Tuesday, June 22, 2010

FARE Math Camp F2010

Reading Materials:
 
Fundamental Methods of Mathematical Economics 4th Ed.
By Alpha C. Chiang and Kevin Wainwright
McGraw-Hill, 2005

Mathematics for Economics, 2nd Edition
Michael Hoy, John Livernois, Chris McKenna, Ray Rees and Thanasis Stengos
MIT Press, 2001
INTRODUCTION
     Mathematical Method
     Economic Models

Linear Models and Matrix Algebra (Chiang, Chapters 4, 5)
     Matrices
     Determinants

Comparative Statics (Chiang, Chapters 6, 7, 8)
     Limits
     Derivatives
             Some common derivatives
     Comparative Statics (General Functions)

Static Optimization (Chiang, Chapters 9, 10, 11, 12)
     Polinomial Functions with One Choice Variable
     Exponential and Logarithmic Functions
     More Than One Choice Variable
     Constrained Optimization

Linear Programming (for illustration purposes)
                Example: Farm Model

*Note on late assignments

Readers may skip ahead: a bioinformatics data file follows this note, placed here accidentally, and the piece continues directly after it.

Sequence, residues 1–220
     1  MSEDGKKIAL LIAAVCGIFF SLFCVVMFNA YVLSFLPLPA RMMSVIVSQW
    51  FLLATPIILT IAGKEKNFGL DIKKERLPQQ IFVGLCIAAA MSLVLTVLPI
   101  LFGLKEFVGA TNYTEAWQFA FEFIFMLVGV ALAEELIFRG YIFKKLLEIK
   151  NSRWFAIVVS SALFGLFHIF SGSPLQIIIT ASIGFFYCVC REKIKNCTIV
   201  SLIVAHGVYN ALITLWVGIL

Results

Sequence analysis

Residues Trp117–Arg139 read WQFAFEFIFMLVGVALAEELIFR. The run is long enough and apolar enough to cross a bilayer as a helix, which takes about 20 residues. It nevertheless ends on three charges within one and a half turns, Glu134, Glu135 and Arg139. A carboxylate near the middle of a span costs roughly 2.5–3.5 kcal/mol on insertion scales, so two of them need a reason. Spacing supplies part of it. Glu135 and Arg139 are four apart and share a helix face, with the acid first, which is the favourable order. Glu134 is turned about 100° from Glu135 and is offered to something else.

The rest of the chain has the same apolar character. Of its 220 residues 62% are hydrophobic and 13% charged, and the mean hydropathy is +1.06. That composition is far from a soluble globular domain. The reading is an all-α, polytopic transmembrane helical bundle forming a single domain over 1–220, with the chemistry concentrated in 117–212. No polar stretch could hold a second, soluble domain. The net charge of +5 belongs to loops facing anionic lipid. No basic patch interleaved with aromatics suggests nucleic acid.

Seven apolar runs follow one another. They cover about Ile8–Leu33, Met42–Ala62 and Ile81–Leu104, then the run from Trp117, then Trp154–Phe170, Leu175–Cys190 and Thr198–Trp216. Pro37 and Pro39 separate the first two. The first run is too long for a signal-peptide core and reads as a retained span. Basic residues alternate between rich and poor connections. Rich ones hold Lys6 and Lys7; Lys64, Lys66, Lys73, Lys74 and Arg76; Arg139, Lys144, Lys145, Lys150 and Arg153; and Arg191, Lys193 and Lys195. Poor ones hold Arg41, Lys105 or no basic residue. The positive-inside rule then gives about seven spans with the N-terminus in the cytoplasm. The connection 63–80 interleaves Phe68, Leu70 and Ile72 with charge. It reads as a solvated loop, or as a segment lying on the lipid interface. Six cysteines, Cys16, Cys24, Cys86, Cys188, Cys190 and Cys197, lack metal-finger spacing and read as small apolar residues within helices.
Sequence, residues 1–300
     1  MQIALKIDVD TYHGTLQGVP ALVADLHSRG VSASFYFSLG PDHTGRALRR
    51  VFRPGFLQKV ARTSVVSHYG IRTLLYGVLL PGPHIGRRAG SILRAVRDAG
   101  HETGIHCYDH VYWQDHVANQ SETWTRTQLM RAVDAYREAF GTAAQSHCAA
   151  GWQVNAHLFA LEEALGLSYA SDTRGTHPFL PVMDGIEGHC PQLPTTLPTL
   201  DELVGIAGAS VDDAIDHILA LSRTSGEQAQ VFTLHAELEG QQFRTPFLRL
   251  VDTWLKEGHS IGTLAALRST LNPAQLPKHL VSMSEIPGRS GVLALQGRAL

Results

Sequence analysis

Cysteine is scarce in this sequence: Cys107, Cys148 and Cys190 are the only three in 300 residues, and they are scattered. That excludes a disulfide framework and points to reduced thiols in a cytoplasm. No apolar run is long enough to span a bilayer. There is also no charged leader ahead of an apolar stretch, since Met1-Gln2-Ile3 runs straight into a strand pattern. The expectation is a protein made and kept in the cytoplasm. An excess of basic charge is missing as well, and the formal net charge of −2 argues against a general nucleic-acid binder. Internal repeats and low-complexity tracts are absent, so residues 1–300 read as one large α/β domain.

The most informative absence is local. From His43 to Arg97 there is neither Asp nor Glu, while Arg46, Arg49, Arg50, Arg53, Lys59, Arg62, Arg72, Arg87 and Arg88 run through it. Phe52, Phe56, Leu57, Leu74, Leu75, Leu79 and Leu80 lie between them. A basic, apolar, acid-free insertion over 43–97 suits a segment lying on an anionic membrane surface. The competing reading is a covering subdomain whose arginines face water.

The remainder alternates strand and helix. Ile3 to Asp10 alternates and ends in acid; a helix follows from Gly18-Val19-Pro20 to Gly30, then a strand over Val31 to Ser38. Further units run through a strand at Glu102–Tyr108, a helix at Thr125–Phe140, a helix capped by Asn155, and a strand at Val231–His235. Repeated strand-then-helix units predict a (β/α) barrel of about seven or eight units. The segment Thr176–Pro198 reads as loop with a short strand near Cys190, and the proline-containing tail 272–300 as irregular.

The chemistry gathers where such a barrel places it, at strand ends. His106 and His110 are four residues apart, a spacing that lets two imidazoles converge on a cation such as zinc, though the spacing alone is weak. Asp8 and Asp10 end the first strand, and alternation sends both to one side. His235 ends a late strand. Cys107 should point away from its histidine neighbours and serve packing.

I mentioned to some students that late assignments are allowed (since we are not marking them anyway) but bear in mind that I will be posting solutions here. Consequently, the value of a late assignment is quite low knowing that you could just copy the solutions. So, a late assignment is better than nothing but still not much. 

Assignment 1 Solutions (I, II, III)
Assignment 2 Solutions 
Assignment 3 Solutions 
Assignment 4 Solutions
Assignment 5 Solutions

Questions not in handouts:
q.7.4 
q.7.6; Input-output model 
q.11.6 
q.12.6
q.12.7

Miscellaneous:

2 comments:

  1. Hi, its Brook Coatsworth - FARE Master's student as of this fall - and still living in the Netherlands. Thanks for making this blog for our Math camp. I'm not 100% sure if I'm going to be attending, still to be decided, but I will definitely host my own camp with your guidance. Will the two texts you have listed be part of our course material, or just the math camp?

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  2. I'm glad that you are planing to do some work on your own. The textbook by Alpha Chiang is by many considered a classic text and many professors still use it as a quick reference so I think having a copy would be a good investment. However, I am not sure if any specific class in the fall would require this book. It is certainly useful in microeconomics.

    I will put a more detailed outline (i.e. topics covered) so any source that covers those topics is good (There are lots of online books and tutorials that cover the same topics.)

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